The EFI received some minor adjustments to match the Pro Circuit T-6 exhaust system, and 12 percent stiffer clutch springs were installed to handle the added load of the taller final drive gearing. Otherwise, the engine remained stock. We also noticed they went with a smaller rear brake rotor—down 10mm to a 240mm disc—to make the rear brake a little less sensitive.

We admittedly didn’t really expect this bike to feel significantly different than our motocross testbike, but we were pleasantly surprised.

2019 Kawasaki KX450 Mint 400 Racebike jumping on sand in desert.
The fork on the Mint 400 racebike offered more control and hold-up than the stock bike, and without any harshness.Mark Kariya

The fork was noticeably better than stock, offering more control and hold-up without any additional harsh feeling. Even though they didn’t make any internal changes to the shock, it felt very balanced with the fork settings, likely due in part to the neutral chassis setup the KX450 has. The lower-rise Renthal 999 handlebar paired well with the GPR steering stabilizer, making the bars feel as though they were still close to the stock position. Naturally, the IMS 2.5-gallon fuel tank was noticeable at first, but after about five minutes we got used to it.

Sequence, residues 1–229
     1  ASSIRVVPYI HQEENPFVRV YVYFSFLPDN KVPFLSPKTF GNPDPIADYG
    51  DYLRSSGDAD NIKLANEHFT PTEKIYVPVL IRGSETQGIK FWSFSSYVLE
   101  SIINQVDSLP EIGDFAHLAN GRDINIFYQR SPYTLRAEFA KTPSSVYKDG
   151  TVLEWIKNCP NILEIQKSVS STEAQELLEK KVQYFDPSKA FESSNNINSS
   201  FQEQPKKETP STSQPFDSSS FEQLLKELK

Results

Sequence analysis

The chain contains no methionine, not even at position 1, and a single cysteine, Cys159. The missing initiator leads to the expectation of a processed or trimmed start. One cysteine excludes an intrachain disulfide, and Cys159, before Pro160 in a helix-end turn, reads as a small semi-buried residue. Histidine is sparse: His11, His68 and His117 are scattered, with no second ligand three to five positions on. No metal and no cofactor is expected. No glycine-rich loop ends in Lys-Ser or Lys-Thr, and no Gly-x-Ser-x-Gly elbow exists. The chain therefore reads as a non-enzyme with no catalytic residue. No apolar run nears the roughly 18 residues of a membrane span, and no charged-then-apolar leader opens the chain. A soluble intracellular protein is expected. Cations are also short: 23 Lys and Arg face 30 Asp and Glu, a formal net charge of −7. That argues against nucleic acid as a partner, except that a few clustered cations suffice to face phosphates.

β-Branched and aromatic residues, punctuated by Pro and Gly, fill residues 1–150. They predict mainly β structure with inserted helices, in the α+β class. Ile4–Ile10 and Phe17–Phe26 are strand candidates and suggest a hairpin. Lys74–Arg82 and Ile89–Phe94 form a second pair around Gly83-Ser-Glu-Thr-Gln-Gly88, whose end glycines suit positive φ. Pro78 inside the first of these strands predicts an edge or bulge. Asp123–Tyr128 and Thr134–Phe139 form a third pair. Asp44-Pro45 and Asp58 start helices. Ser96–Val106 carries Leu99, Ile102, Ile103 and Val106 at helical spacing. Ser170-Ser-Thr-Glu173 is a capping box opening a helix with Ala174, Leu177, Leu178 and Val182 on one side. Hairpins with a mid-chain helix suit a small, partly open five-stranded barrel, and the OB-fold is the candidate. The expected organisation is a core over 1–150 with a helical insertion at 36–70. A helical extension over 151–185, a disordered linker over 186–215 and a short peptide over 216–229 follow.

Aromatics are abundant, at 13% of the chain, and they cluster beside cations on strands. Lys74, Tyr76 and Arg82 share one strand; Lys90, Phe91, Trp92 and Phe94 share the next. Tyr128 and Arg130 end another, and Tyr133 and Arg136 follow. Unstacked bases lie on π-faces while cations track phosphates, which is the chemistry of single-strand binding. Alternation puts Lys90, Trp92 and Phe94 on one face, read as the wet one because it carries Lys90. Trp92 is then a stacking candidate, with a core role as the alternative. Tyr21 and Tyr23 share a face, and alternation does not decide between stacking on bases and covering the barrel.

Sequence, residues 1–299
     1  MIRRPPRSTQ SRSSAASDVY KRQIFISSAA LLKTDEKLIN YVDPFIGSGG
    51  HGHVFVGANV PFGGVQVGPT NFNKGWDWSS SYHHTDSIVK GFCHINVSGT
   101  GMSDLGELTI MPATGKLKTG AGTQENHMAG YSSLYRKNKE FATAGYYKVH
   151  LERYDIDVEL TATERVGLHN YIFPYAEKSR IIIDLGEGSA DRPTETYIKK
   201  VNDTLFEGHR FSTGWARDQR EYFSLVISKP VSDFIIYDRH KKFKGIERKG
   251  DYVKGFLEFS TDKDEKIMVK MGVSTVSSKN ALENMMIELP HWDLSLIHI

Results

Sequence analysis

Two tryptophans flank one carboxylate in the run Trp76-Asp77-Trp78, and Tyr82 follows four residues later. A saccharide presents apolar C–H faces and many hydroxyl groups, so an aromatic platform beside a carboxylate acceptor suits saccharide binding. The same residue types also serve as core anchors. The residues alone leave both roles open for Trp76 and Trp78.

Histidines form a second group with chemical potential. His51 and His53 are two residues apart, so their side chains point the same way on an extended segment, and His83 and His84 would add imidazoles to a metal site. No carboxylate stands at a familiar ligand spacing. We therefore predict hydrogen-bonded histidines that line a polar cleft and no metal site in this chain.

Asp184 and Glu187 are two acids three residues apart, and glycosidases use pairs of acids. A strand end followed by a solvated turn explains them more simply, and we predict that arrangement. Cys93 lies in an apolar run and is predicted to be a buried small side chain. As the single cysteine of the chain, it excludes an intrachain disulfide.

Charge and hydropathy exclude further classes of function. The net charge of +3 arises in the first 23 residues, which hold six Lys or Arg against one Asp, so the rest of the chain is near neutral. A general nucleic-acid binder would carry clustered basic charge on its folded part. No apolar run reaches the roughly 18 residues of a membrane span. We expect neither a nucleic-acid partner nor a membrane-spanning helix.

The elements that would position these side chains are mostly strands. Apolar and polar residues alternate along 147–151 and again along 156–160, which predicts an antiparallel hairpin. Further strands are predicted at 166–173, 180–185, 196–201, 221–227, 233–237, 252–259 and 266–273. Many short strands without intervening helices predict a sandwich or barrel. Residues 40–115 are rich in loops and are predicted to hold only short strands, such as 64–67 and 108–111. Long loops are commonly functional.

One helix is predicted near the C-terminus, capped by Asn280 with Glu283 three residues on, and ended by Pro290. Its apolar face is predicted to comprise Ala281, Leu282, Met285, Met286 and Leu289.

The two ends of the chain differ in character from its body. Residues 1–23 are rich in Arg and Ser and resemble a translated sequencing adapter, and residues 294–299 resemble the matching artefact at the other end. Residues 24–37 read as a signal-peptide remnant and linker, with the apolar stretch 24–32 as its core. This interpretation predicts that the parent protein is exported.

You might think the bike would be a touch sluggish with the 14/48 gearing; however, it was anything but that. Our first day of testing took place in the desert where the traction was limited and there are no speed limits. The bike felt fast, but we had little to compare it against, so we elected to take it to Glen Helen Raceway to see how it would fair against our KX450 motocross bike. The Glen Helen venue not only hosts motocross events, but also several off-road races such as WORCS and SRA GP rounds, so we figured this would be a reasonable test location.

2019 Kawasaki KX450 Mint 400 Racebike climbing up rocks in desert.
Additional torque and better traction were two improvements the Mint 400 racebike had over the stock machine.Mark Kariya

Jumping from one bike to another, we found the additional torque and traction offered by the Mint 400 bike was outstanding. It was tough to pinpoint exactly what was giving us this feeling, but it was enjoyable. The aforementioned gearing allowed us to ride primarily in second and third gear around what would be considered a higher-speed, flowing motocross track. The Kawasaki technicians said if they were racing this bike at a different event with longer high-speed sections and more distance between pit stops, the engine had enough power to pull even taller gearing.

With several rides aboard the traditional motocross setup and two fun-filled days with this desert weapon, we can confidently say the Kawasaki KX450 is one of the best 450s on the market with how incredibly versatile and easily refined it is. Our only wish is that Roeseler gives us a call when he starts putting together his team to defend his Mint 400 title in 2020.

2019 Kawasaki KX450 Mint 400 Racebike jumping in desert.
The Kawasaki KX450 won our 2019 450 MX Shootout, so it’s a great bike in stock form. Riding the Mint 400 racebike proved how versatile and easily refined Kawasaki’s flagship motocrosser is.Mark Kariya